J Cereb Blood Flow Metab. 2015 Mar;35(3):454-60.

U0126 attenuates cerebral vasoconstriction and improves long-term neurologic outcome after stroke in female rats.

Ahnstedt H1, Mostajeran M1, Blixt FW1, Warfvinge K1, Ansar S1, Krause DN2, Edvinsson L1.
  • 1Division of Experimental Vascular Research, Department of Clinical Sciences, Lund University, Lund, Sweden.
  • 2Department of Pharmacology, School of Medicine, University of California, Irvine, California, USA.

 

Abstract

Sex differences are well known in cerebral ischemia and may impact the effect of stroke treatments. In male rats, the MEK1/2 inhibitor U0126 reduces ischemia-induced endothelin type B (ETB) receptor upregulation, infarct size and improves acute neurologic function after experimental stroke. However, responses to this treatment in females and long-term effects on outcome are not known. Initial experiments used in vitro organ culture of cerebral arteries, confirming ERK1/2 activation and increased ETB receptor-mediated vasoconstriction in female cerebral arteries. Transient middle cerebral artery occlusion (tMCAO, 120 minutes) was induced in female Wistar rats, with U0126 (30 mg/kg intraperitoneally) or vehicle administered at 0 and 24 hours of reperfusion, or with no treatment. Infarct volumes were determined and neurologic function was assessed by 6-point and 28-point neuroscores. ETB receptor-mediated contraction was studied with myograph and protein expression with immunohistochemistry. In vitro organ culture and tMCAO resulted in vascular ETB receptor upregulation and activation of ERK1/2 that was prevented by U0126. Although no effect on infarct size, U0126 improved the long-term neurologic function after experimental stroke in female rats. In conclusion, early prevention of the ERK1/2 activation and ETB receptor-mediated vasoconstriction in the cerebral vasculature after ischemic stroke in female rats improves the long-term neurologic outcome.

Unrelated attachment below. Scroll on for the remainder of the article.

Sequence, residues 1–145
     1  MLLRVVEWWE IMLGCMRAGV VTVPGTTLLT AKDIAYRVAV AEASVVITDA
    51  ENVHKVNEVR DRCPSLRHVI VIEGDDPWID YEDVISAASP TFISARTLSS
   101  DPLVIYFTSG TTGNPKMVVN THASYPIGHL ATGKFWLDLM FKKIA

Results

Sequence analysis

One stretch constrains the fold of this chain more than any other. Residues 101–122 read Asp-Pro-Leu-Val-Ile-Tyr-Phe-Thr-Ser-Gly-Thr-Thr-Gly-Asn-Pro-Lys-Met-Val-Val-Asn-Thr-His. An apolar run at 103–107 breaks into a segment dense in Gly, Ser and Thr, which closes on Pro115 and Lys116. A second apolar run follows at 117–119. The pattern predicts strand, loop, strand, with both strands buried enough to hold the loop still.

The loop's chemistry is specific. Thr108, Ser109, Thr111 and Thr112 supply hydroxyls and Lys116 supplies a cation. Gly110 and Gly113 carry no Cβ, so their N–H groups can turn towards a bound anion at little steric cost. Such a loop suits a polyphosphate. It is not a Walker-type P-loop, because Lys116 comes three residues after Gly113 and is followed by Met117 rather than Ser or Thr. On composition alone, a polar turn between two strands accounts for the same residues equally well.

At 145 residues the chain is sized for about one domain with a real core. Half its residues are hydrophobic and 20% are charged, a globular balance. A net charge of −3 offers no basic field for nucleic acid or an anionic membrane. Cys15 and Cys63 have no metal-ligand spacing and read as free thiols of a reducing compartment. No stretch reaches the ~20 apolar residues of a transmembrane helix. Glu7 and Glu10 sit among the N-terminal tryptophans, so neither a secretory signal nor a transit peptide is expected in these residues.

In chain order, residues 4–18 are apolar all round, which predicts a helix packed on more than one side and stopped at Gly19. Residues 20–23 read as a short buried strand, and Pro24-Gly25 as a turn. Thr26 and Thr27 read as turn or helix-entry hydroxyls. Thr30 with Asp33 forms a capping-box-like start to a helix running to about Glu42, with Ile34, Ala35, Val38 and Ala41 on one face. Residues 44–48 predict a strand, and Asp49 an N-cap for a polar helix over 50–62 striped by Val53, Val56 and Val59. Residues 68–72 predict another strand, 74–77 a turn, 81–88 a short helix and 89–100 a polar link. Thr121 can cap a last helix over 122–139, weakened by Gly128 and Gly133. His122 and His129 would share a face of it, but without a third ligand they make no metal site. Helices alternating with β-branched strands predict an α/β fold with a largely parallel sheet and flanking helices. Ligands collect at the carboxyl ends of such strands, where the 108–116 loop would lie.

PMID: 25492115

 

Supplements:

Stroke is the leading cause of disability worldwide [1]. Blood flow to an area of the brain is cut off either by a blood clot (ischemic stroke) or by rupture and bleeding from a blood vessel (hemorrhagic stroke). Within the first minutes, cells in affected brain regions are permanently damaged [2]. The longer time with restricted blood flow, the greater the brain injury. Thus it is essential to restore and control brain blood flow to limit further damage.